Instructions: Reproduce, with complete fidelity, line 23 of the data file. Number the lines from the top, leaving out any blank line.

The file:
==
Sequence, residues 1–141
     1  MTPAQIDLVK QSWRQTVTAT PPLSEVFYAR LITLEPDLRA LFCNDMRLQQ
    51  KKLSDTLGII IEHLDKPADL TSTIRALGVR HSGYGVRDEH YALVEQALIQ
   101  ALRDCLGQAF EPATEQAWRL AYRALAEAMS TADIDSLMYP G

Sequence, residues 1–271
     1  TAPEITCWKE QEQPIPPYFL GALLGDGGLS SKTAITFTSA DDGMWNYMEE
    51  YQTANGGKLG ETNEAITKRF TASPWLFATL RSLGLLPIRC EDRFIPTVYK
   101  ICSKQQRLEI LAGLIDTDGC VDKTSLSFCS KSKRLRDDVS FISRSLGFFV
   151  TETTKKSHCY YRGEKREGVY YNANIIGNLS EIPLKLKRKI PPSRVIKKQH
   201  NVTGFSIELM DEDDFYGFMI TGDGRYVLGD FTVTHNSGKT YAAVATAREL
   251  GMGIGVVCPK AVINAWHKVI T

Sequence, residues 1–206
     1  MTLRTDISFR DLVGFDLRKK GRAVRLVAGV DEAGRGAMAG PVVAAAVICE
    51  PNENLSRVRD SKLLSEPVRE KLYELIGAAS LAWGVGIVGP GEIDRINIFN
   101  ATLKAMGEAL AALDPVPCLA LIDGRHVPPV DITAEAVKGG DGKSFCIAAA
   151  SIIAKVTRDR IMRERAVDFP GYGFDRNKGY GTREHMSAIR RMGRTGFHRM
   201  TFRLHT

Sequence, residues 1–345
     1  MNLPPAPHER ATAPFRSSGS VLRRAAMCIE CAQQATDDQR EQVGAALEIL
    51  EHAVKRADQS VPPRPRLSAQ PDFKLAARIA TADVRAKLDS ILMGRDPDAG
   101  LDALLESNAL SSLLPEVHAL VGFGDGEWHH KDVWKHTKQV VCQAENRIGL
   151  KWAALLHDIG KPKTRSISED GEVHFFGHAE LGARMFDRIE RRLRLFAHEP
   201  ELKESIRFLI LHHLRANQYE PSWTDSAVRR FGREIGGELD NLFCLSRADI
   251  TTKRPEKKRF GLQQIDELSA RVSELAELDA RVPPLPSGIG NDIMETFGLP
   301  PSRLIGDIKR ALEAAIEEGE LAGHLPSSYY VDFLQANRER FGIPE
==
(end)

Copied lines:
   201  ELKESIRFLI LHHLRANQYE PSWTDSAVRR FGREIGGELD NLFCLSRADI